Global warming is here already right now: is it about the facts or presentation of the facts?

A couple days ago I found a link to a news item about how we already feel the effects of global warming in Flanders. Apparently, this is how we, Flemish people, feel global warming already right now (according to the MIRA report):

  • The 18 warmest years since 1833 all occurred in the last 25 years.
  • All seasons became warmer: 3.0 degrees in Spring, the other seasons saw an increase between 1.9 and 2.1 degrees.
  • Flanders got one heatwave per three years in the 1970s. Now we get one every year.
  • De average precipitation per year increased with 13 percent since 1833.
  • The average sea level increases fast: for example, the sea level in Ostend is 11.5 cm higher than at the beginning of the 1950s.
  • The wind speed decreased since the 1960s by 10 to 15%.

I could agree with all of those points (although the third one is stated in a very misleading way). If we look at the warmest years since the measurements in Uccle, then we indeed see the last 25 years popping up. That all seasons are getting warming is an obvious result of that. We indeed got more heatwaves now than in the 1970s. There is on average more precipitation since the beginning of the measurements. The average sea level is rising and the wind speed dropped since the 1960s.

If this is true what is not to like? Well, it is brought very one-sided and no context is given. This is a typical example of how information is presented in a way that the public would perceives it as a problem. A problem that doesn’t arise from the facts, but how the facts are presented.

First, these results were not presented as just a warming, but as anthropogenic global warming. Meaning, as by our emissions. Worldwide emission reduction was the main solution proposed by the MIRA report. I agree that the data shows there is an increase in temperatures (at least over the time we are measuring it) and I also have no doubt that CO2 has some influence (it is a greenhouse gas after all). But confidently concluding that this is the main reason when we are dealing with a complex, coupled and chaotic system from which we have only reliable data since a couple decades (for some variables even less) is not really honest. The same with the magical thinking that lowering our emission would bring our “old (assumed steady)” climate back.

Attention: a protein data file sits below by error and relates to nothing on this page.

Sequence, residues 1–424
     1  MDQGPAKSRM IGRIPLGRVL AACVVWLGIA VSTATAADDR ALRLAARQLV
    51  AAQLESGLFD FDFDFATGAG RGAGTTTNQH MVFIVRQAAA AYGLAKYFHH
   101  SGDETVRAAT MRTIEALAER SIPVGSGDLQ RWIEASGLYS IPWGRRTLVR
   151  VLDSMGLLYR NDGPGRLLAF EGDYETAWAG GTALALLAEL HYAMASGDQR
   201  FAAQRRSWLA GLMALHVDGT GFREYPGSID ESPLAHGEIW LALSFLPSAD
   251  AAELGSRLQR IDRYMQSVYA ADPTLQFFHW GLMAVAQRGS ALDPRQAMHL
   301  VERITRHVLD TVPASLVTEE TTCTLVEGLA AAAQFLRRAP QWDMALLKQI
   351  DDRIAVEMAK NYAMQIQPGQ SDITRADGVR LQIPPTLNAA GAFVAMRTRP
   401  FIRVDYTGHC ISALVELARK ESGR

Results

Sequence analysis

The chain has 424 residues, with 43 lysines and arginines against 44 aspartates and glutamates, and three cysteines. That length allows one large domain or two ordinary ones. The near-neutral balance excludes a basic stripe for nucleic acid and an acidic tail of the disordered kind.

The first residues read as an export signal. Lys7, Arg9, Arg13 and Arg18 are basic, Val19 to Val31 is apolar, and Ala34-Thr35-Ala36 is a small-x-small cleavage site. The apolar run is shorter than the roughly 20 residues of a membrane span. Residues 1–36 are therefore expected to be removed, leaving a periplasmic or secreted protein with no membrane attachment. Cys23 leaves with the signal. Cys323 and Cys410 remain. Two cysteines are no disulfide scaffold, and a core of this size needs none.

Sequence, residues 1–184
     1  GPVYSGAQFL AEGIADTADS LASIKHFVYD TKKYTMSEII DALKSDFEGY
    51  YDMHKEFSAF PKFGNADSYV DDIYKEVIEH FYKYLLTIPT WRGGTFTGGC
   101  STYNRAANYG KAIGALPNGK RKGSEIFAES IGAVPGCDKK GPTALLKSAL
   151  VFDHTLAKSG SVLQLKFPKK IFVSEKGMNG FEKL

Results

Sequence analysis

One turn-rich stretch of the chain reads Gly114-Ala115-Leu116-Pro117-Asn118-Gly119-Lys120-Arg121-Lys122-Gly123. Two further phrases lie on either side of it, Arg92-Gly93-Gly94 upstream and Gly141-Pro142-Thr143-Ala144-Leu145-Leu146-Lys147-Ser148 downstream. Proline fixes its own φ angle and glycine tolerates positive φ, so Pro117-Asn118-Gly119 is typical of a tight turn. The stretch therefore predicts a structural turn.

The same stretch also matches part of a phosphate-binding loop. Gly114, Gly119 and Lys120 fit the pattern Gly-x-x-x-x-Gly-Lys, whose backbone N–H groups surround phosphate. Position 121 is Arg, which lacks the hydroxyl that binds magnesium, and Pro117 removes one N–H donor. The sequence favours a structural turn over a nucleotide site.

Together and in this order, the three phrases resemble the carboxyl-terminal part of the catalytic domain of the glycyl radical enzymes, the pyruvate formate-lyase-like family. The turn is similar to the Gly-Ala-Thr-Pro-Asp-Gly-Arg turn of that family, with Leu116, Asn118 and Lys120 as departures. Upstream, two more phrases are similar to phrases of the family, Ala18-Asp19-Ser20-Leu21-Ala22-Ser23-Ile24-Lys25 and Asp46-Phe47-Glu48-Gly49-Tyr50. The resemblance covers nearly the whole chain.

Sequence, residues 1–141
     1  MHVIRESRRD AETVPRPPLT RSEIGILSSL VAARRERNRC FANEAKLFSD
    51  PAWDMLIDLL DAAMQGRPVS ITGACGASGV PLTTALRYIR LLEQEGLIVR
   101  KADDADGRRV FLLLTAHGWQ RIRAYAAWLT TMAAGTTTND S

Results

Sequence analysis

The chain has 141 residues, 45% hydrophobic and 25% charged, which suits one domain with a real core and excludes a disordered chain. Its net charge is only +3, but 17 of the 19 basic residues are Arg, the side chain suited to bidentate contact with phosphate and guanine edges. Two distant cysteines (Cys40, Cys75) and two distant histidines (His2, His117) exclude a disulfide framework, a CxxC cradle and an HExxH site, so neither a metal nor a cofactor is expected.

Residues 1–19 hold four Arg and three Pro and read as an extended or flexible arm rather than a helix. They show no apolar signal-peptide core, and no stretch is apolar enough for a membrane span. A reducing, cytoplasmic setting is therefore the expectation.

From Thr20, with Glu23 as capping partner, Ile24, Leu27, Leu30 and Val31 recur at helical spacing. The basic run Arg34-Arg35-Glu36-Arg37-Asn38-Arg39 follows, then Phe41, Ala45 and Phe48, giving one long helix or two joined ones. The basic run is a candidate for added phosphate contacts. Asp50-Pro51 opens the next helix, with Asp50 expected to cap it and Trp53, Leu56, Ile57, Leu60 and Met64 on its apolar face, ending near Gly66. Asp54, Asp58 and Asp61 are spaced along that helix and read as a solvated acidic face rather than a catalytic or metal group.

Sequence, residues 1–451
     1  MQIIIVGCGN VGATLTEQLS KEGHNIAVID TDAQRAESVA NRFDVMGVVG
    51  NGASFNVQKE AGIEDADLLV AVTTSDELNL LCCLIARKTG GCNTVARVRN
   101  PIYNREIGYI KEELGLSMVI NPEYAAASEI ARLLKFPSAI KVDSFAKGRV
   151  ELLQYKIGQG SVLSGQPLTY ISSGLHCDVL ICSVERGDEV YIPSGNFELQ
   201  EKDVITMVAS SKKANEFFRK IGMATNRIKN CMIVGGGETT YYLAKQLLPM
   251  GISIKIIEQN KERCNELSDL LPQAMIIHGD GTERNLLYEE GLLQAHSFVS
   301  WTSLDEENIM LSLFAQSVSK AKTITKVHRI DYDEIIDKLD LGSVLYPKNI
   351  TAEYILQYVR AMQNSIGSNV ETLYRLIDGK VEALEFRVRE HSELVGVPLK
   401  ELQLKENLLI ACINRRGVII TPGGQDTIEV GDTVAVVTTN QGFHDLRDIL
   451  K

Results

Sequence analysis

Second, for a news service that wants to bring background, insight and context to the news, they surprisingly bring no background, no insight and no context whatsoever. I agree that we measured a 2.4 ° C increase in temperatures in Uccle, but they forgot the mention that a large part of that increase is not climate related, but related to the Heat Island effect. Uccle was a farmer community in the close neighborhood of Brussels that over a century grew into city like proportions (from 4,600 inhabitant in the 1830s to 81,000 in 2015). The MIRA report admits that the Heat Island effect COULD have an influence on the temperature increase in Uccle. That is a strange formulation considering the graphic they used in the MIRA report (year average surface temperature to look for hot spots and which they connect with the heat island effect):

Year average surface temperature from MODIS-satellite sensors. Source: VITO (MIRA climate report: fig. 15 on page 47)

Year average surface temperature from MODIS-satellite sensors.
Source: VITO (MIRA climate report: fig. 15 on page 47)

Below on the left the cutout and enlargement of the Brussels area, on the right the orientation of Uccle within the Brussels area (Uccle is number 17). I have drawn two points (common in this map and the map below) and where the temperatures approximately are taken.

belgium surfacetemperature Brussels area

Map Brussels area Source: https://nl.wikipedia.org/wiki/Ukkel

Map Brussels area Source: https://nl.wikipedia.org/wiki/Ukkel

Also take a look how close it is to Brussels (for the scale see the 1 km indicator).

Google map Brussels area

Google map Brussels area

This puts the place of temperature measurements at the edge of the red area. Probably in the light red (13.5-14 °C) or in the best case in the orange (13-13.5 °C). Most of the rest of the area is in a light blue (11-11.5 °C). That orange area at the bottom is the forested area at the South-East of Brussels. So if even the temperatures of a forest are measured in the orange area (which have quite higher temperatures than its surroundings), I personally would be inclined to leave out the word “COULD”.

Okay, I agree, that stills leaves us with an increase since the beginning of the measurements in Uccle (1833), but when we look at history we emerged from a cold period from the 1850s. What would one expect other than warming in such a case?